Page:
[arin-ppml] [arin-council] AC Role in Petitions

Owen DeLong owen at delong.com
Thu Apr 14 11:05:11 EDT 2011

Sent from my iPad

On Apr 14, 2011, at 10:33 AM, Leo Bicknell <bicknell at ufp.org> wrote:

> I'm not sure what I find more sad here, the fact that Marty is once
> again spilling the AC's dirty laundry onto PPML, or the fact that
> the AC has so many people on it intent on being secretive and
> controlling.
I don't think secretive or controlling are appropriate characterizations
of this rule.

As one of the members of the AC who voted against this standing
rule, please understand that my perspective is not that of someone
wanting to defend the rule. I think it's a bad rule.

However, having said that, I do think that the characterization of the
motivations of the individuals that did vote for the rule is not fair to
them and not accurate. I believe that the proponents of the rule
put it in place earnestly believing that it made the policy process
more fair and balanced. The intent was to prevent AC members
from having an unfairly weighted voice in the policy process.

AC members are free to voice their opinion on petitions, but, because
the petition threshold is so low and a minority of the AC (7 members)
could bring a petition with only three additional participants, the
majority of the AC felt that this created a potential for absurd abuses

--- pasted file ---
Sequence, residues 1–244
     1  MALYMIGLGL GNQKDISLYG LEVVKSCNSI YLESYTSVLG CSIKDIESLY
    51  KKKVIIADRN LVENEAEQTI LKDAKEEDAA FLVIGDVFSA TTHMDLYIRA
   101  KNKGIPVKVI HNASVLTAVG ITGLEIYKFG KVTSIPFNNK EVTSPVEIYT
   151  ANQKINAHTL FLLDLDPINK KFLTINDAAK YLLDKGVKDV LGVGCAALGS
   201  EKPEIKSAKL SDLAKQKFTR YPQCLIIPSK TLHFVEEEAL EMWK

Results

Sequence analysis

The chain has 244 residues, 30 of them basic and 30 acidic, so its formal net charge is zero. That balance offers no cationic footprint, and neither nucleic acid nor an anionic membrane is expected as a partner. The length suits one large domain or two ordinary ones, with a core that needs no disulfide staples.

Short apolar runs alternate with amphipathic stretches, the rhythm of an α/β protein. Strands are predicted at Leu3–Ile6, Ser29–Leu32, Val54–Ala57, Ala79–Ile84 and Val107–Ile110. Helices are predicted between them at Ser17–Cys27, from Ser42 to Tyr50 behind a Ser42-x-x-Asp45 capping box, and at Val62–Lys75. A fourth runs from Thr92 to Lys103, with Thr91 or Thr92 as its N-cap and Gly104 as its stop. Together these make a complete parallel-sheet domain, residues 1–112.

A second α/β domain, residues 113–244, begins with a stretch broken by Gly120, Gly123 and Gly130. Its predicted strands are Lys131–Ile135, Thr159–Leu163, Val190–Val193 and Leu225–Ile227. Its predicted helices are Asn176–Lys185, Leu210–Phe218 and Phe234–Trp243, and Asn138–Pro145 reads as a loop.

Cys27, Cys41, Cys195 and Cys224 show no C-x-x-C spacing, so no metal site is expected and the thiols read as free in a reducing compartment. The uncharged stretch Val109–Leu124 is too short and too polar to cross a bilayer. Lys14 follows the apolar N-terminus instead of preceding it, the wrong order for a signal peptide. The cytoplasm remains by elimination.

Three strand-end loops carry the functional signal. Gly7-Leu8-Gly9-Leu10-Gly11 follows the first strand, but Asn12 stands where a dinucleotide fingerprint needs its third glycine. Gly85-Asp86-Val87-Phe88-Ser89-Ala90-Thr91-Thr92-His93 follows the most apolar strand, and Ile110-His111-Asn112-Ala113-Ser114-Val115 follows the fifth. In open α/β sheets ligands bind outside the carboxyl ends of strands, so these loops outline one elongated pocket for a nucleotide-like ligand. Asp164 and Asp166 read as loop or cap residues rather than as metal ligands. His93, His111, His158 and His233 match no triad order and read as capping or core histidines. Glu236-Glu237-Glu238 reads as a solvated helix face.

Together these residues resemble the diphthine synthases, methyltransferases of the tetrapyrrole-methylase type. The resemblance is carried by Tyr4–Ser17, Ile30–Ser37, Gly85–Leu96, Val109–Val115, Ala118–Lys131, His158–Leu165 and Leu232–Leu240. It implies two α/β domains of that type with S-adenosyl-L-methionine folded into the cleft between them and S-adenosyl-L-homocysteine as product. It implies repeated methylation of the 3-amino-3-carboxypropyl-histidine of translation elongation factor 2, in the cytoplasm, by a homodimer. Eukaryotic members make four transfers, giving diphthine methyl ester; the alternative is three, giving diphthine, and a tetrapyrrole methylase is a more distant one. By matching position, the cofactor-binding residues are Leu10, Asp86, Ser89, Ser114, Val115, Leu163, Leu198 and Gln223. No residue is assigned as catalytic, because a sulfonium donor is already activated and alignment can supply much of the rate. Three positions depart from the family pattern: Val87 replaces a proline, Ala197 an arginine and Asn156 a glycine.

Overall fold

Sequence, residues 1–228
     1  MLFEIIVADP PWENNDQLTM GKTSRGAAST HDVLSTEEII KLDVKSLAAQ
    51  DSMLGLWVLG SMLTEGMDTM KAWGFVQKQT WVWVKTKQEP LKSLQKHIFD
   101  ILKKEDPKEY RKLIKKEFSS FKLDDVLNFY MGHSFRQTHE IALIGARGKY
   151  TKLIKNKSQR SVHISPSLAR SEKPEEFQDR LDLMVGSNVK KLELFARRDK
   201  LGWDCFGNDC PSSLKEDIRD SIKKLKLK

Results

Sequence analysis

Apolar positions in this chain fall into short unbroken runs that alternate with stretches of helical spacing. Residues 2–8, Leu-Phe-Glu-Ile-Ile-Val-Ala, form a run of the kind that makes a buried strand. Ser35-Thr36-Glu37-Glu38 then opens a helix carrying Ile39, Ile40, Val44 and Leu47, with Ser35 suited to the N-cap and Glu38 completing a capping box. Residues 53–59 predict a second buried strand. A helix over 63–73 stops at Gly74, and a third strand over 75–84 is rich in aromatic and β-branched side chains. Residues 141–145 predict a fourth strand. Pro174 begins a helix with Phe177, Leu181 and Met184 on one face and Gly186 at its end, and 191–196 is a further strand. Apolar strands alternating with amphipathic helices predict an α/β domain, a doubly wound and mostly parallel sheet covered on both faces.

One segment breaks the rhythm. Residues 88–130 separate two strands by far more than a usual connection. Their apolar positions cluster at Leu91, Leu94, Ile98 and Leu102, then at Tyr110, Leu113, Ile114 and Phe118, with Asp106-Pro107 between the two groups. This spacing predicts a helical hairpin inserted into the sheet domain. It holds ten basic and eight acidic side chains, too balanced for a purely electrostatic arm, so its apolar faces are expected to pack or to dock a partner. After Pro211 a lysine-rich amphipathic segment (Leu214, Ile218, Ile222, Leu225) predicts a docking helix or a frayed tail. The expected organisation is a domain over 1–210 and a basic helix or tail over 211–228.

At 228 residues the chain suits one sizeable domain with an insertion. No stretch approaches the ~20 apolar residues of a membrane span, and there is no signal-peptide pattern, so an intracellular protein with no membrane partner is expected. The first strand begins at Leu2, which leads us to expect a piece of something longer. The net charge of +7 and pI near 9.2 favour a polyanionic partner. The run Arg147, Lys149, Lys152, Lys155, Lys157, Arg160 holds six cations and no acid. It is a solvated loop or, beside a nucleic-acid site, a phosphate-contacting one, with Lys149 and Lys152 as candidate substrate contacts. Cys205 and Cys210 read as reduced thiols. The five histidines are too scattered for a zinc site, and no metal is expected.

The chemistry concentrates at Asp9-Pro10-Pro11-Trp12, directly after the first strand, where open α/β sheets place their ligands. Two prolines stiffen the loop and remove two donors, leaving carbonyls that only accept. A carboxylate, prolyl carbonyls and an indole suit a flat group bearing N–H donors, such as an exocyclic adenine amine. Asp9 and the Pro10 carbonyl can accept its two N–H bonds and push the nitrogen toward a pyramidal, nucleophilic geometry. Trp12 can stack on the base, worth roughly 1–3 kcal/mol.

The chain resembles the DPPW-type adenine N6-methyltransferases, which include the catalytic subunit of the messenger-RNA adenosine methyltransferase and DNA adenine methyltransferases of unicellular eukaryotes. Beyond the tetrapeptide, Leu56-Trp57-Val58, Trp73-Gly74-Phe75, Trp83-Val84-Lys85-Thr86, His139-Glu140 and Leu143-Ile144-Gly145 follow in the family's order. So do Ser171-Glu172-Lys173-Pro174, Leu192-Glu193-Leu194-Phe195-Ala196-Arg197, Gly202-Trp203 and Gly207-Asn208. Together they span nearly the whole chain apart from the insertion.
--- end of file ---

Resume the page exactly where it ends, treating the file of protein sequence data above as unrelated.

of the process by disgruntled AC members.

> I am personally disgusted with the path the AC has taken over the
> last few years, which is part of the reason I chose not to run for
> reelection.  I can't fathom why rational people would try and prevent
> AC members from acting as normal members of the community.  It runs
> counter to pretty much everything that happens in normal society.
While I agree with you about the effect of the rule, I believe the intent
wasn't to prevent us from acting as normal members of the community,
so much as to prevent us from unfairly tipping the scales in the petition

> Dissent is an essential part of any democratic body.  I wish the
> AC would focus much more on _why_ there is dissent than trying to
> snuff it out and impose a totalitarian structure.
I think there is no shortage of dissent in the AC and I do not feel that
my ability to engage in dissent has in any way been reduced or restricted.
If I did, I would not be writing this message in this tone.


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